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Friday, April 18th 2014

4:21 PM

Getting Down & Dirty

  • Random: I finished 1435th overall out of 2291 people with a time of 1:09:51 (didn't quite make that hour but got close!) and finished 93rd out of 172 people in my age group (40-44). Not too shabby!
It was all JoAnna's idea. Since we did the Warrior Dash three years ago, we've been chased by zombies, trudged through Sin City, and covered in colored corn starch all in the name of good, clean fun. On April 13th, JoAnna and I were going to get Down & Dirty together at the 3-mile Merrell Obstacle Race at Castaic Lake. Unfortunately, JoAnna wound up injured and unable to go. I didn't want to do the event without her but the race was paid for and I decided I would do it for both of us.

So what exactly is the Merrell Down & Dirty Obstacle Race? It's 3 or 6 miles of mud and military-style obstacles meant to test your strength and endurance. And oh yeah, it's supposed to be fun! You can get an idea of what the obstacles are like here. There were a few I didn't encounter because I did the 3 mile course. I wasn't crazy enough to do the 6!

If you've never been to an event like this, it's a lot like a festival. There's music, vendors, food and drink, and a general convivial mood equal parts competitive testosterone and jovial camaraderie. The great thing about these events is unless you're planning on finishing first, second, or third overall, time doesn't mean a thing. Neither does place, really. The point is to participate and have fun. Hell, I didn't even wear a watch.

It used to be that I took racing very seriously. It was a byproduct of being super competitive in college track and cross country. Even after I graduated and went on to do fun runs of various lengths, I always took my place and time seriously. Until the Warrior Dash, it never even occurred to me you could participate in a race without a care about time or place. It was a whole new world for me - one I've embraced with gusto and joy.

So on Sunday morning, April 13th, my parents were kind enough to keep me company and cheer me on. It was a truly gorgeous day, not too hot, not too cold. No wind. After we arrived and parked, school buses took participants and spectators up to the Start/Finish area. The event started in waves and earlier waves were already under way and working their way back to the finish. I made my way to the start and waited for my turn to go. There was upbeat music and an energetic MC helping pass the time as we all inched closer to the start. A nifty little disposable timer tied to our shoes would be activated as we crossed the start, automatically keeping track of our time and place.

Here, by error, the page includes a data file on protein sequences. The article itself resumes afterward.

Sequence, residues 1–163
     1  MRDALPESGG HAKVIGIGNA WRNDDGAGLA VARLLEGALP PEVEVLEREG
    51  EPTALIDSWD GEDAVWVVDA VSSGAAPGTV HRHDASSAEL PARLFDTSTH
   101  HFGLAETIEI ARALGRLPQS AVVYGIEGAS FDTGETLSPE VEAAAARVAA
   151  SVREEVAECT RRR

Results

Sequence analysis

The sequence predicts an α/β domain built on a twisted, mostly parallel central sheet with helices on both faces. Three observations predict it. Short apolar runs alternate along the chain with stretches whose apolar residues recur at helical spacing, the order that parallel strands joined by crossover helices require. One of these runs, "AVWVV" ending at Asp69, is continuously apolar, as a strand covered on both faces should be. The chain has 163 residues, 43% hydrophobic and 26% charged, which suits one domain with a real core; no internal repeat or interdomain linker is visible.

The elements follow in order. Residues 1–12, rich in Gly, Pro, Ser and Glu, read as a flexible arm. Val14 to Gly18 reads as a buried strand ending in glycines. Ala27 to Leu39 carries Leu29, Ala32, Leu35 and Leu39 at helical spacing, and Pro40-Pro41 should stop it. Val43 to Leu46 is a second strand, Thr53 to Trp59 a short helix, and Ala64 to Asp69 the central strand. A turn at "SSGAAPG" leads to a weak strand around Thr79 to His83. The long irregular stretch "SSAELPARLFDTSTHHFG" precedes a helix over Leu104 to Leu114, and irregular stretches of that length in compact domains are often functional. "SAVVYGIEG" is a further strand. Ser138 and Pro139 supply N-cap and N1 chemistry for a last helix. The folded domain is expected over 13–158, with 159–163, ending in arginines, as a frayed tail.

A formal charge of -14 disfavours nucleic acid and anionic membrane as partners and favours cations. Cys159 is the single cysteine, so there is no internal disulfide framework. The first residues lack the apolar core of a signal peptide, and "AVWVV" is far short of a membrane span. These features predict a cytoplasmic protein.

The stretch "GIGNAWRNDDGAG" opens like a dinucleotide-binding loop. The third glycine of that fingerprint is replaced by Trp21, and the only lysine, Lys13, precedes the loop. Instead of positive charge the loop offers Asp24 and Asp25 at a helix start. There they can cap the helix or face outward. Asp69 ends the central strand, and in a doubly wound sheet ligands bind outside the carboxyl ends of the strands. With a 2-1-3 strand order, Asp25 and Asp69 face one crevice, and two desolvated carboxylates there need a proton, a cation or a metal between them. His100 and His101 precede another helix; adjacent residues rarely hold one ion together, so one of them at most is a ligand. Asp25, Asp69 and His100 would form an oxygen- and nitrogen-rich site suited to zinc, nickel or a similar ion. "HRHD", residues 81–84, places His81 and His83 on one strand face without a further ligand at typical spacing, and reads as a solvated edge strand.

It was finally time for my wave to start and we were off!

I decided to jog as much as possible because A: I happen to like jogging and B: I had the utterly arbitrary goal of completing the course in under an hour. Nearly immediately after the start of my wave, I came to the first obstacle - a mud pit. I lost count but I think there were at least three of them with one at the start, one at the finish and at least one in the middle somewhere.

As I made my way through, I tried to notice everything around me rather than getting tunnel vision seeing just the course. The hillsides were green and there were purple wildflowers everywhere. The occasional white butterfly fluttered serenely by. I also tried to cheer on everyone who passed me and say something encouraging to everyone I passed. It's basic cross country/road race etiquette but I noticed not all the participants were accustomed to it. However, everyone seemed to appreciate it and whenever I encouraged someone, I felt like I was encouraging myself as well.

Not long after that first mud pit, I encountered the first climbing obstacle, the "Monster Climb." This was a multi-stage cargo net on steroids. It was near the top that it hit me I could actually get seriously hurt if I wasn't careful. With that cheerful thought, I carefully finished negotiating the obstacle and grabbed some water from the waiting hands of race volunteers. My arms already felt like spaghetti and we were just getting started. I was a wee bit worried how I would hold out the rest of the race.

I'm happy to say that most of the rest of the course was not so bad. The dirt trail and accompanying obstacles worked their way toward the top of the ridge. The view was incredible and well worth the effort to get there. You could see the reservoir and the mountains on one side, and out toward Stevenson Ranch (Valencia) on the other.